adam warlock

The Birth of "Adam"

Marvel Studios post-credits scenes take on three different forms: fun bits of business that wrap up sorry points and provide closure, deep cut references to characters and storylines that feel specially built for the nerds in the audience, and teases that help set up future movies in the MCU. This scene manages to be all three.

First of all, the scene provides a bit of closure for Elizabeth Debicki's Ayesha, who finds herself being called to answer for getting the entire Sovereign fleet destroyed (twice!) while pursuing the Guardians. A minor villain gets her comeuppance! But then, it's revealed that she's currently cooking up a new project, someone who will be stronger and better than anyone else in her genetically modified race. We don't get to see whatever is lurking inside that pod, but she does decide upon a name: Adam. She'll call him Adam.

For the vast majority of normal folks seeing Guardians of the Galaxy this weekend, this won't mean anything at all (maybe that's why you're reading this article!). But the Marvel die-hards in the audience can help you out: she's referring to Adam Warlock, one of the strangest characters to exist on the fringes of Marvel's cosmic world.

Adam Warlock's cocoon

In the comics, Adam Warlock is the result of an experiment conducted by human scientists to create the "perfect" organism. Naturally, he escapes, journeys to space, and finds himself granted superpowers after an encounter with a fellow called the High Evolutionary. Naturally, Adam wanders the galaxy, getting into adventures, often allying with familiar heroes and battling familiar enemies (he's a regular nemesis of Thanos). He's often popped up to assist the Guardians of the Galaxy in times of need.

So it isn't too surprising that he was originally intended to be a major character in Guardians of the Galaxy Vol. 2, but as James Gunn informed us, he was cut out of the story after his presence made the early drafts of the screenplay too unwieldy:

I love Adam Warlock.  He's one of my favorite characters.  In all truth, I wrote an early treatment where I had Adam Warlock as a part [...] It was Adam Warlock. He was a big part of the screenplay, and I realized it was one character too many. And I adore the character; I adore what we had done with him. I think we did something really creative and unique with Adam Warlock. But it was just one character too many. And I didn't wanna lose Mantis. And I couldn't, and Mantis was more organically a part of the movie anyway. So I decided to save him for later. And so I had that post-credit scene, I wrote that post credit scene.

But what future movie is this tease actually setting up? From the look of things, this is a thread that will be revisited in Guardians of the Galaxy Vol. 3. While Adam Warlock has experience battling Thanos in the comics, Gunn insisted that the character will not make his big screen debut in the upcoming Avengers: Infinity War:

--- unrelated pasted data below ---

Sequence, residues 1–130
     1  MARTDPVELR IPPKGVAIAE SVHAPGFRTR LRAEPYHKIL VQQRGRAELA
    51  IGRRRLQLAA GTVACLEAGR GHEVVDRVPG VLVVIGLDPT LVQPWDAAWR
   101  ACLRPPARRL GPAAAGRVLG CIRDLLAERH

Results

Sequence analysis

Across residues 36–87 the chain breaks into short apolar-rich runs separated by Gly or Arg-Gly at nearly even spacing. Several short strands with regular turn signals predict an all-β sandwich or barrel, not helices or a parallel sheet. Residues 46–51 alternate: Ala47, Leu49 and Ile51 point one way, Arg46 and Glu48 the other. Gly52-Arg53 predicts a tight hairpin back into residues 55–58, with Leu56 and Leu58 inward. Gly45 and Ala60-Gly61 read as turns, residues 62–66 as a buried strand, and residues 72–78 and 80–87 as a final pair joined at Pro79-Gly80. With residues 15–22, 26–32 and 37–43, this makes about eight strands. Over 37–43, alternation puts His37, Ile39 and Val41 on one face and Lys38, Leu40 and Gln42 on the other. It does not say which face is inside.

There was a lot of discussion about whether we were gonna put it in the movie or not. Because people are going to think it's about Infinity War. Because he's not. He's not in Infinity War, but he will be a future part of the Marvel Cosmic Universe and a pretty important part of it.

Feige doubled down on this, telling us that Adam Warlock will show up in future Guardians of the Galaxy movies, not the next Avengers movie:

Adam is not in Infinity War. That is not a tag for Infinity War. James has ideas. And had played with incarnations of Adam Warlock in earlier drafts of other Guardians films. So he's always been top of mind for the Guardians franchise. And if he appears anywhere in the future it'll be with Guardians.

So start your fan-casting now, boys and girls! Personally, I think Matthew McConaughey (in full deadpan, philosophizing, monologuing mode) would be a terrific Adam Warlock.

Stan Lee cameo in Avengers Infinity War

Stan Lee and the Watchers

The final post-credits scene is, at first glance, another amusing piece of business, the punchline to Stan Lee's cameo seen earlier in the movie. However, both of these scenes suggest that something really weird is going on in the margins of the Marvel Cinematic Universe and that Lee's many cameos throughout these films are all unified.

Lee has played a tiny role in nearly every single Marvel movie to date (including those not made by Marvel Studios), and Guardians of the Galaxy Vol. 2 cheekily suggests that each cameo has been more than a simple gag – we've been seeing the same guy. More specifically, we've been seeing the same guy with a very particular purpose. The key to fully appreciating this is to note Lee's character name in the credits: "Watcher's Informant."

the watchers

So let's back up real quick. For those of you who aren't immersed in Marvel comics lore, the Watchers are a race of ancient aliens who do just as their name implies: they observe the universe, record vital events, and keep a detailed history of all existence. Although there are other Watchers, the one most commonly seen in the comics is named Uatu, who observes the many, many events that seem to transpire on and around Earth. The Watchers are strict observers, refusing to participate in any events and never picking sides in intergalactic conflicts. When a Watcher personally shows up to witness an event, it's a big deal. Cosmic history is being made.

So what does it mean that Stan Lee, housed inside a bulky spacesuit, is hanging out with the Watchers on the far side of the galaxy, telling them stories? Note his dialogue – when Rocket and Yondu fly by, he's telling the po-faced aliens about a time when he was a deliveryman. As you may recall, Lee's cameo in Captain America: Civil War was that of a deliveryman, bringing a package to Tony Stark after the conclusion of his conflict with Steve Rogers.

The implication is clear: Stan Lee is watching the Marvel Cinematic Universe on behalf of the Watchers, allowing himself to be present for important events so he can report his findings to the Watchers themselves. Whoa.

Feige spoke about this at the Guardians of the Galaxy Vol. 2 press conference:

Stan Lee clearly exists above and apart from the reality of all the films. So the notion that he could be sitting there on a cosmic pit stop during the jump gate sequence in Guardians was something very fun. James had that idea and we shot that cameo and loved it so much. You see it a couple of times in the in the movie. It wasn't in for a long time and we put it back in towards the end of the process, where he references that time he was a Federal Express agent and we thought it would be fun to keep that in there because that really says he's this same character who's popped up in all these films...

But is he human or alien or something else? Speaking with us, Feige would only call him a "different type of entity":

Let's just say he, Stan Lee is certainly is a different type of entity within the Marvel Cinematic Universe, who can hang out with the Watchers and tell them stories about all his cameos.


Guardians of the Galaxy Vol. 2 is in theaters now.